Feeling stressed? You’re not alone. Stress happens to everyone, and these days we have plenty of occasions to feel it.
Stress is a response to something that has occurred or to some kind of pressure you feel, said Angela Nolz, a Sanford Health integrated health therapist in Luverne, Minnesota. But stress is not the same as anxiety, she explained. Anxiety, considered a clinical disorder, is a dread or fear that’s persistent and ongoing but may not have a trigger.
“I’ve never met anybody that hasn’t ever experienced stress,” Angela says. “But not everybody experiences anxiety.”
Some people experience a higher level of stress than others, and stress can be detrimental physically and mentally. Angela discusses some warning signs of stress and high stress, as well as some ways people can manage stress when they recognize it.
What causes stress?
Everyone’s life circumstances are unique to them, but Angela does see some common sources of stress.
- Finances: Finances can be a significant cause of stress, especially during the COVID-19 pandemic when some people are out of work or furloughed from work.
- Work: Work itself can be a source of stress, especially if the work doesn’t feel purposeful or feels too limited. Lacking a sense of direction in a career and not knowing what kind of work you want to do can also result in stress.
- Relationships: Discord in a close relationship, like a partnership, is a common stressor that Angela sees.
- Parenting: Parenting can certainly produce stress at any time, but particularly during a pandemic that has disrupted school and typical activities.
- Life changes: Life adjustments add stress, such as the transition to college, having a baby, getting married, helping aging parents or losing a family member or close friend.
- Illness: A chronic health condition such as cancer, diabetes, heart disease or obesity can add stress. Trying to decide the steps to take to improve health can feel overwhelming. Angela says a team-based approach to care at Sanford Health helps identify and address when someone with an illness feels under stress.
- The pandemic: Right now, the whole world is under a new layer of stress because of COVID-19, Angela says. On top of a person’s everyday stressors, the pandemic piled on factors such as layoffs, challenges for essential workers, school closings, school openings, staying healthy – and the search for toilet paper.
- Differing opinions: Communicating with those who have differing political views also may add stress. “It seems like we’ve lost the ability to seek first to try to understand each other,” Angela says. “… We’ve lost the ability to connect and communicate and just love each other, even if we have some differing opinions.”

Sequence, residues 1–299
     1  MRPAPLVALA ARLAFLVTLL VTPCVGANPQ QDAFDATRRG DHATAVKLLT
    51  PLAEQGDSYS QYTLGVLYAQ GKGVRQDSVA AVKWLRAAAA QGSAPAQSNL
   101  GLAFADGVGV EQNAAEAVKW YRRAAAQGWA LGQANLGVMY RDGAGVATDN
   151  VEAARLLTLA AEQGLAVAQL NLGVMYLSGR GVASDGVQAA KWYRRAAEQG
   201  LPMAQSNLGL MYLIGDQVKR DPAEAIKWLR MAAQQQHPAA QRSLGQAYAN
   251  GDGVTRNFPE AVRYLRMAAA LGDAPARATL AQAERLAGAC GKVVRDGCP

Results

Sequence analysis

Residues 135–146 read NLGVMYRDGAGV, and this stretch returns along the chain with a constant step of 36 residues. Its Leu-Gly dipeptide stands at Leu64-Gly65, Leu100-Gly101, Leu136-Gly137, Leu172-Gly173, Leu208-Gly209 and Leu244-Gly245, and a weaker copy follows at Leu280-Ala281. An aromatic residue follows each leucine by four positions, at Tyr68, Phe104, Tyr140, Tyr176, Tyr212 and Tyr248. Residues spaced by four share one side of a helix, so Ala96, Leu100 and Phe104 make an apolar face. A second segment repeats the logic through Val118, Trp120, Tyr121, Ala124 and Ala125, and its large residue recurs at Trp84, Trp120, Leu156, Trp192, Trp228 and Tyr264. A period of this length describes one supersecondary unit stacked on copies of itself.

What can stress do to us?
“We have a breakdown of physical, emotional and behavioral things that we’ll see when people have an influx of stress,” says Angela.
Physically, stress can show up in people as muscle tension, she says. They might have pain in their lower back, shoulders or neck, or have headaches.
“When our stress goes up, our body can experience stress through those different kinds of reactions.”
Stomach and heart issues
Stomach issues also may be traced to stress. “Kids will sometimes present with a stomachache when there’s some stressful things going on in their lives, and they maybe don’t have the words,” Angela says.
Ongoing stress could lead to stomach ulcers and also be associated with heart issues. As part of her job, Angela visits with cardiac rehab patients about their stress level.
“If I meet with somebody that identifies that their stress has been fairly low, their healing process typically goes a little bit better,” she says. For patients who have had significant ongoing stress, she helps find new strategies for coping with their stress.
Emotional and behavioral issues
Emotionally, stress can result in feelings of irritability, impatience, guilt, nervousness, helplessness or lack of control.
Behaviorally, stress may lead to changes in eating and sleeping habits, forgetfulness, anger, aggressiveness, social withdrawal or substance abuse.
If people start to develop substance abuse disorders, by using alcohol as a coping mechanism, for example, significant physical health issues appear, too, says Angela.
Ultimately, high stress can interfere with how people function in life and take care of their basic needs. It can be detrimental to their work, relationships and parenting abilities. And if stress is ongoing and symptomatic, it could rise to the level of clinical anxiety.